For instance, he proposes the use of the same kind of campaigns he criticized paragraphs above and would have Cuba establish an “obligatory medical or social service for women”, so as to make women “fully equal to men,” when the truly libertarian thing to do would be to eliminate such obligatory processes altogether.
Ultimately, if it’s equality we’re interested in, the fair thing to do would be to propose the establishment of compulsory military service for women (god forbid it!). The fact Yenisel didn’t even suggest this reveals that he reproduces the patronizing attitude so typical of the patriarchy we know and which is so difficult to eradicate in ourselves.
I should add the other demands strike me as fair and relevant. I can’t help smile when I read the demand calling for the “sexual serenity of men.” As for me, I assert my right to be seduced and provoked by any man or woman who wishes to do so, and, the more the charming they are…the better!
Though I say this somewhat tongue-in-cheek, I am well aware that many men who have violently raped women wield the argument that they were “provoked” and “seduced” by their beauty, the color of their lips, the shortness of their skirts, their naked feet, a look they gave them, etc.
While it is hypocritical to pretend not to be seducing someone when one is in fact doing this, this will never be a justification for forcing anyone to engage in sexual intercourse against their will.
I also believe it would be good for Yenisel to be more specific in some of his criticisms. What does he mean by a feminist activism “characterized by unanimity and voluntarism” exactly? Which Cuban pro-feminist organizations, other than the National Center for Sexual Education (CENESEX), is he referring to in his comments?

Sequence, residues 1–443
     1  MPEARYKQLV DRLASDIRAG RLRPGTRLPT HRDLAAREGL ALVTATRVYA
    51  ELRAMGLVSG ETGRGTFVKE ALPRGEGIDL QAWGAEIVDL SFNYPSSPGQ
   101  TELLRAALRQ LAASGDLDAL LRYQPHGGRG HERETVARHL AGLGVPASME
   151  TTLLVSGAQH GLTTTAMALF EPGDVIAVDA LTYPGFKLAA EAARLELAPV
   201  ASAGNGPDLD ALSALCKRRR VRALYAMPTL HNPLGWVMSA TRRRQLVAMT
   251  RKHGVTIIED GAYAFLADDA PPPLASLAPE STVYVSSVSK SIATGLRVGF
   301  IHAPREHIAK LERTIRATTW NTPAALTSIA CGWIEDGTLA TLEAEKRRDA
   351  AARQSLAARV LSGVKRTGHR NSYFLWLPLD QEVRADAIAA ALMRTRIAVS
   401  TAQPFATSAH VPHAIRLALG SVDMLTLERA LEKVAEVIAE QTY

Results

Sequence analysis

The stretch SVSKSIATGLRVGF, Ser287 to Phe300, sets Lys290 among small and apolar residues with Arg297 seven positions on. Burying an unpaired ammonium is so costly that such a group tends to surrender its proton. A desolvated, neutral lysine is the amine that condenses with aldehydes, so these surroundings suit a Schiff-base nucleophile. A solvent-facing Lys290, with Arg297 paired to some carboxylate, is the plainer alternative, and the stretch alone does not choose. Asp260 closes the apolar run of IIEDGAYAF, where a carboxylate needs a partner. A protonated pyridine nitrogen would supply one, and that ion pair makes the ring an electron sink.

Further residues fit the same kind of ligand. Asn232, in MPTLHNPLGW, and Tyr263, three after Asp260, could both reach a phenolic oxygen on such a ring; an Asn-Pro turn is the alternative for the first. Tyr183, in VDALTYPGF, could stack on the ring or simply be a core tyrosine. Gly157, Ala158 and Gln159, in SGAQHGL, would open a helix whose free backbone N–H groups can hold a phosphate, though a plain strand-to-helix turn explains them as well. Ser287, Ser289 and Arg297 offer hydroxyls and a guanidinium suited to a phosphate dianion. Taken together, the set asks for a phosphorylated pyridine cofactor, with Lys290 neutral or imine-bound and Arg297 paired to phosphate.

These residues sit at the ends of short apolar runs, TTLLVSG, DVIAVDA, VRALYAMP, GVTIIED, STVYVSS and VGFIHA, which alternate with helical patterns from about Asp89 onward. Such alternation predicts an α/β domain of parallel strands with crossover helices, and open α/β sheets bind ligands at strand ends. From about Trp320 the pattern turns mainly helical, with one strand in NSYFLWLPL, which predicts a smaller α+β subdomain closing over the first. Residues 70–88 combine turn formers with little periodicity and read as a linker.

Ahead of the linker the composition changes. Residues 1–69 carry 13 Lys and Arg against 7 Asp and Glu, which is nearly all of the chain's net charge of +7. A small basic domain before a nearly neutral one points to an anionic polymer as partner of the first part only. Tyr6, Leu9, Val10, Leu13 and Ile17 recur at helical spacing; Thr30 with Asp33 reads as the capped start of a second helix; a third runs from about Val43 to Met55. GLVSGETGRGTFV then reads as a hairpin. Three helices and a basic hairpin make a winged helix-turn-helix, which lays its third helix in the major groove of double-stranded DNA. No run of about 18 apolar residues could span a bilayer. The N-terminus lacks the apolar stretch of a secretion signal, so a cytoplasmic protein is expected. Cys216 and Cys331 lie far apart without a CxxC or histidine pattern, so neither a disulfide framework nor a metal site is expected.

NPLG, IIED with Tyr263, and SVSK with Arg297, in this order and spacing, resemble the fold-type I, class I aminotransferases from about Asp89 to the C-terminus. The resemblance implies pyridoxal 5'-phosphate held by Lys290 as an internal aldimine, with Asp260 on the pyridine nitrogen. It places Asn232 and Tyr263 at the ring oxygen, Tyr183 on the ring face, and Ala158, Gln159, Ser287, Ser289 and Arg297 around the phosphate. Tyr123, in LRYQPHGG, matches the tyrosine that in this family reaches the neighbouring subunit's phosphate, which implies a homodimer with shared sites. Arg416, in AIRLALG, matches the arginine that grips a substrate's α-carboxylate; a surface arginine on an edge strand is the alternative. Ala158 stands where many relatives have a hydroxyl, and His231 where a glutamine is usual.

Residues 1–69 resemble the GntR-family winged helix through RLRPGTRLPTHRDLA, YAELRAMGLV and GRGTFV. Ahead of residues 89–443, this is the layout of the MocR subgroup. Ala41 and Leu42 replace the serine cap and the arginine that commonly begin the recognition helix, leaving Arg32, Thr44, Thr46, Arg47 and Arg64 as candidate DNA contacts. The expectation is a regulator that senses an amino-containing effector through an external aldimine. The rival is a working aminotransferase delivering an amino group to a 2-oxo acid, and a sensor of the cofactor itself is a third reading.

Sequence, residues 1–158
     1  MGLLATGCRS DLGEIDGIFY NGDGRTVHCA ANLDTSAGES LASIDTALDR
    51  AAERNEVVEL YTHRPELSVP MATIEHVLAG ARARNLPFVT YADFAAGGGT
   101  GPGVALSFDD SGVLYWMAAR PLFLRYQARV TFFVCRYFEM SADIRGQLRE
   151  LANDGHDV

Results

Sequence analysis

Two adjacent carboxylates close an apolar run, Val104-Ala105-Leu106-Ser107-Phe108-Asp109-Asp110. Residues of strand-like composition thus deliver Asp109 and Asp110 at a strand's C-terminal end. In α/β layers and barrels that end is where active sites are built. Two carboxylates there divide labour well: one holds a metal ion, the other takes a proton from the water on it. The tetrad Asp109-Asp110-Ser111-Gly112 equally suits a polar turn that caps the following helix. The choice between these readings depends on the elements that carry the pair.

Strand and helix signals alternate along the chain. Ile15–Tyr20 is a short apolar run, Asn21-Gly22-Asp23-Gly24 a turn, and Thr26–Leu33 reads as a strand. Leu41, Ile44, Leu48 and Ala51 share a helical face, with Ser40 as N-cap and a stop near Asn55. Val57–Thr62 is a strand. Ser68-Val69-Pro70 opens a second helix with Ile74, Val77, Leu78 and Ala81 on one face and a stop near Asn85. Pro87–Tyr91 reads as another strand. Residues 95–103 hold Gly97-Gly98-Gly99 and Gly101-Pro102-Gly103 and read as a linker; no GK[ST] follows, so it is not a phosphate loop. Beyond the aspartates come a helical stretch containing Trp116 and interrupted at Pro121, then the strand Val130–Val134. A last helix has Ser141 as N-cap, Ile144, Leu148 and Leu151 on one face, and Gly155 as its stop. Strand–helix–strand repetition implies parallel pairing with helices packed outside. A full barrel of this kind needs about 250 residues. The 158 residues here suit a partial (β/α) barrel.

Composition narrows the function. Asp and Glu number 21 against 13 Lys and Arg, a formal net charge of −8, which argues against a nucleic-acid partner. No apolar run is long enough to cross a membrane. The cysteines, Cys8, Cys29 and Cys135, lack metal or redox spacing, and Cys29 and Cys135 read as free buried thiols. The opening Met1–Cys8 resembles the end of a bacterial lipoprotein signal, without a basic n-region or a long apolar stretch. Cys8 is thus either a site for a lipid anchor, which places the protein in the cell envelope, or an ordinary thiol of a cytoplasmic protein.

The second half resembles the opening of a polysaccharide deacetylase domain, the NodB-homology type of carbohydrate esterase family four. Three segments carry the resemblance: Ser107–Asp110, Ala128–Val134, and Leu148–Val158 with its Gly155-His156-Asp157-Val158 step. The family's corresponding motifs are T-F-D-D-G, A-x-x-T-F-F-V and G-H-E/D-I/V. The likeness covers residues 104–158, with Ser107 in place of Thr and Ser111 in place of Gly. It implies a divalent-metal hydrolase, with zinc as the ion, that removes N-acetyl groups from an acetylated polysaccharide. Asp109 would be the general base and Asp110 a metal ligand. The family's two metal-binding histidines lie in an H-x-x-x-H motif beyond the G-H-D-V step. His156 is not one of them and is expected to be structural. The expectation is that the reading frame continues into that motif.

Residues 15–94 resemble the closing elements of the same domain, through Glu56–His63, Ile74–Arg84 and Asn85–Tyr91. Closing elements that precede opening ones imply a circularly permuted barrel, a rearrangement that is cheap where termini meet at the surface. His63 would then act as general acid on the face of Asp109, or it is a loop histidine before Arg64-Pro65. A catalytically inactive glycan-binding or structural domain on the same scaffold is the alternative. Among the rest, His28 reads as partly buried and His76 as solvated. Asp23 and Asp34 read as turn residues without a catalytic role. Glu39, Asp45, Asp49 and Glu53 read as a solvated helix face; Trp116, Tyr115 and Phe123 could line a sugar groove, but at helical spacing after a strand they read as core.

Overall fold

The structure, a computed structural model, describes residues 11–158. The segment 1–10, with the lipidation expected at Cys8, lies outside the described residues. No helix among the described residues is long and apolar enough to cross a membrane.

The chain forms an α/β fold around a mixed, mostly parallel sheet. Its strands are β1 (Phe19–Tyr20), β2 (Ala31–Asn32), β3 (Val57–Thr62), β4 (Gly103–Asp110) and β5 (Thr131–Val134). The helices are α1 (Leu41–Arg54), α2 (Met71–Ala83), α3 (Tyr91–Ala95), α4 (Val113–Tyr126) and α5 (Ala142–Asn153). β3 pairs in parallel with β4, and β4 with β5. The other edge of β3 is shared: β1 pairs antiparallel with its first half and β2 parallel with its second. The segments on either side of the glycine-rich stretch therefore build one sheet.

In order to help us understand his stance fully, it would be good if he were to give us examples of some of those “dozens of spots and television programs that tolerate and encourage female violence against men and which ridicule male characters and engage in many other discriminatory practices.”
On principle, I would take the side of any individual who suffers discrimination, but such discrimination and violence must first be made public.
Lastly, in my opinion, the justified demand for the protection of male rights in Cuba should not entail a condemnation of feminism, but a critique of the ways in which certain feminist currents have followed misguided policies and demonized “men”, blind to the diversity of individuals that are behind such labels.
Not all women, homosexuals, black or poor people is an example of virtue merely because they are not on the empowered side of the social balance. A white, rich woman can discriminate against a poor black man, true, but one can find the most diverse combinations, and labels will never be able to exhaust all possibilities.
Now, we shouldn’t forget that rights, those that are established by legislations as much as those that emerge from social practices, stem from a power structure that is by rule white, male, heterosexual, intellectual and rich. That is my point of departure. Not all of us are at the starting line when the gun is fired.